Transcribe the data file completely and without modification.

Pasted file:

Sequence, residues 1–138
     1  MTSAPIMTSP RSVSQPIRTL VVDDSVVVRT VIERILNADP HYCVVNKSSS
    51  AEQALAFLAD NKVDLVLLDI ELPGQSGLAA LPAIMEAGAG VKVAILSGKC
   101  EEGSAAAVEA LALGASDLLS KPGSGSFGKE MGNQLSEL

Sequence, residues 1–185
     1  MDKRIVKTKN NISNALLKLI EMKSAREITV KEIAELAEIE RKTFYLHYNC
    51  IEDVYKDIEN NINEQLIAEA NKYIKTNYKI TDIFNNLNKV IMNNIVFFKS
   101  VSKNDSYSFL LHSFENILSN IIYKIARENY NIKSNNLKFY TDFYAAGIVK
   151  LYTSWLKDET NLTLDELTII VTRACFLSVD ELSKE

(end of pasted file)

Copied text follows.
Sequence, residues 1–138
     1  MTSAPIMTSP RSVSQPIRTL VVDDSVVVRT VIERILNADP HYCVVNKSSS
    51  AEQALAFLAD NKVDLVLLDI ELPGQSGLAA LPAIMEAGAG VKVAILSGKC
   101  EEGSAAAVEA LALGASDLLS KPGSGSFGKE MGNQLSEL

Sequence, residues 1–185
     1  MDKRIVKTKN NISNALLKLI EMKSAREITV KEIAELAEIE RKTFYLHYNC
    51  IEDVYKDIEN NINEQLIAEA NKYIKTNYKI TDIFNNLNKV IMNNIVFFKS
   101  VSKNDSYSFL LHSFENILSN IIYKIARENY NIKSNNLKFY TDFYAAGIVK
   151  LYTSWLKDET NLTLDELTII VTRACFLSVD ELSKE